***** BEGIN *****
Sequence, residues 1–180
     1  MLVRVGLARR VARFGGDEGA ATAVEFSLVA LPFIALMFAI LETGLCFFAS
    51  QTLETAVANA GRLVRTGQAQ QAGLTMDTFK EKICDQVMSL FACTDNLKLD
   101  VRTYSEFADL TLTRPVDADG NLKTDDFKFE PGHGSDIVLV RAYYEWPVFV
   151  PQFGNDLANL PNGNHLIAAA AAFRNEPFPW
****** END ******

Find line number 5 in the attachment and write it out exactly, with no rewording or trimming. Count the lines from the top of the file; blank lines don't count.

   151  PQFGNDLANL PNGNHLIAAA AAFRNEPFPW